ASCO 2020: Single Agent PD-1 Inhibitor Biomarkers in Untreated and Previously Treated Advanced RCC: What Can Biomarkers Teach Us to Advance Clinical Care?

( Following two poster discussion presentations assessing predictive markers in patients with advanced renal cell carcinoma, “Evaluation of predictive biomarkers for nivolumab in patients (pts) with metastatic clear cell renal cell carcinoma (mccRCC) from the CheckMate-025 (CM-025) trial” and “Association of gene expression with clinical outcomes in patients with renal cell carcinoma treated with pembrolizumab in KEYNOTE-427”, Dr. Katy Beckermann provided her perspective as a discussant on the value of biomarkers to advance clinical care of patients with advanced renal cell carcinoma. The data from the abstracts upon which this discussion was based will briefly be summarized. 

First, Dr. Miriam Ficial and colleagues utilized data from the randomized Phase III trial of nivolumab versus everolimus (evero) (CheckMate-025) and explored the association of the biomarker with transcriptomic profiles. The authors examined the density/percentage of CD-8+PD-1+TIM3LAG-3TIC evaluated by immunofluorescence (IF) and PD-L1 expression on tumor cells (TC) was evaluated by immunohistochemistry (IHC) and correlated these with clinical outcomes including objective response rate, clinical benefit, progression-free survival, and overall survival. They demonstrated that, among patients receiving nivolumab, high levels of CD-8+PD-1+TIM3LAG-3TIC predicted response.

Second, the Phase II KEYNOTE-427 study included patients with clear cell (n=110, cohort A) and non-clear cell (n=165, cohort B) renal cell carcinoma who received pembrolizumab. In the analysis presented at the 2020 ASCO Virtual Annual Meeting, Dr. David McDermott and colleagues assessed the association of baseline RNA-sequencing–based gene expression signatures and DNA alterations with response or resistance to pembrolizumab using RNA sequencing. They assessed a number of gene expression signatures (18-gene T-cell–inflamed gene expression profile [GEP]; 10 non–T-cell–inflamed GEP canonical signatures [angiogenesis, gMDSC, glycolysis, hypoxia, mMDSC, MYC, proliferation, RAS, stromal/EMT/TGFβ, WNT]) and correlated these with objective response rate and progression-free survival. They found that in cohort A (i.e. those with clear cell histology), T-cell–inflamed gene expression profile (GEP) (n = 78) was statistically significantly associated with a better overall response rate (ORR) (P = 0.021; AUROC = 0.65) but not progression-free survival (PFS) (P = 0.116). No other tumor microenvironment (TME) canonical signatures showed a correlation with ORR or PFS.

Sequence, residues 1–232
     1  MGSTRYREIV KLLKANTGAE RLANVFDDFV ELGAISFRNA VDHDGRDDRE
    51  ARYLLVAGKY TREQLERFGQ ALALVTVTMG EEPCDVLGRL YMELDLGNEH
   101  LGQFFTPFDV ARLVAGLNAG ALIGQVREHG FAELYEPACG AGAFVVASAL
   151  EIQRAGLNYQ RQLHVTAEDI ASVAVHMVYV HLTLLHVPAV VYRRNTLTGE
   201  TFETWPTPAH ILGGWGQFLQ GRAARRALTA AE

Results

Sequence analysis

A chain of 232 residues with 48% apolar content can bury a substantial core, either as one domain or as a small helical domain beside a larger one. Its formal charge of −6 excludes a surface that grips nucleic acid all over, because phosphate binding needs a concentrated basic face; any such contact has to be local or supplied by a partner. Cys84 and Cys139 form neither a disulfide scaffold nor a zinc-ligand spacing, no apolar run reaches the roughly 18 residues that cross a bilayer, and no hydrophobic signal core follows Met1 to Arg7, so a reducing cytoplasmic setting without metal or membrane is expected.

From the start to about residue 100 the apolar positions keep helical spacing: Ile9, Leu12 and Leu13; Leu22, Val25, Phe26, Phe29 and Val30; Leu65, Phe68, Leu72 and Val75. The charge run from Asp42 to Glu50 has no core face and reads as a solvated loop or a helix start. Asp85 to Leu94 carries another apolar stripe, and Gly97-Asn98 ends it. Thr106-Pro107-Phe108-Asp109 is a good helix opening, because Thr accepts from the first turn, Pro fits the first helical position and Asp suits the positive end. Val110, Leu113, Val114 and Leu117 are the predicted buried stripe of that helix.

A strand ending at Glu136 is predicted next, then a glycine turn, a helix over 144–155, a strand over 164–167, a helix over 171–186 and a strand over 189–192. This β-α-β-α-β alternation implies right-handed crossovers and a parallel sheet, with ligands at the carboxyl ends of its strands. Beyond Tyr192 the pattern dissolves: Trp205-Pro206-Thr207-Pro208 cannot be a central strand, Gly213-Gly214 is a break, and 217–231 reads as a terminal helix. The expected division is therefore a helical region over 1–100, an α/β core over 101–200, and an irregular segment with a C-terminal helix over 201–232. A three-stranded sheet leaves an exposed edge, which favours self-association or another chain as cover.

Dr. Beckermann highlighted that PD-L1 status and tumor mutational burden (TMB) have, thus far, failed to provide significant predictive value. She then highlighted other emerging biomarkers including the regulation of endogenous retroviruses and immune-suppressive signatures including T-effector and myeloid signatures. Based on the data presented at the 2020 ASCO Virtual Annual Meeting, Dr. Beckermann highlighted the following points:

The data from CheckMate-025 confirm that a combined assessment of protein and gene expression is necessary to explain the T-cell function necessary for response to PD-1. Clinically, these may be useful to explain the extremes of response but are unlikely to distinguish patients with intermediate responses who represent the majority of patients.

From KEYNOTE-427, Dr. Beckermann highlighted that this was the first study assessing this question in patients with non-clear cell histology. It further confirms that the T-cell inflamed signature is an important marker of response in patients with clear cell histology. However, this approach is not yet readily available in practice and thus is not immediately translatable.

In summary, Dr. Beckermann highlighted the need for confirmation and ongoing utilization of multi-platform analysis to understand the complex tumor and immune interactions underpinning immunotherapy.

Presented by: Katy Beckermann, MD, PhD, Instructor of Medicine, Division of Hematology/Oncology, Department of Medicine, Vanderbilt University, Nashville, Tennessee

Written by: Christopher J.D. Wallis, MD, PhD, Urologic Oncology Fellow, Vanderbilt University Medical Center, Nashville, Tennessee, Twitter: @WallisCJD, at the 2020 American Society of Clinical Oncology Virtual Annual Meeting (#ASCO20), May 29th-May 31st, 2020